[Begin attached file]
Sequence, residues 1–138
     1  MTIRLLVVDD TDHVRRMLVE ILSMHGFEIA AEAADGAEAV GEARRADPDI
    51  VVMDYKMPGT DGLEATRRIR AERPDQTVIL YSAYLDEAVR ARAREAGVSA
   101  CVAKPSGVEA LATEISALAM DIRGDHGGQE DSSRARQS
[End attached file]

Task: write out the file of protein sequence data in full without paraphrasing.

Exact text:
Sequence, residues 1–138
     1  MTIRLLVVDD TDHVRRMLVE ILSMHGFEIA AEAADGAEAV GEARRADPDI
    51  VVMDYKMPGT DGLEATRRIR AERPDQTVIL YSAYLDEAVR ARAREAGVSA
   101  CVAKPSGVEA LATEISALAM DIRGDHGGQE DSSRARQS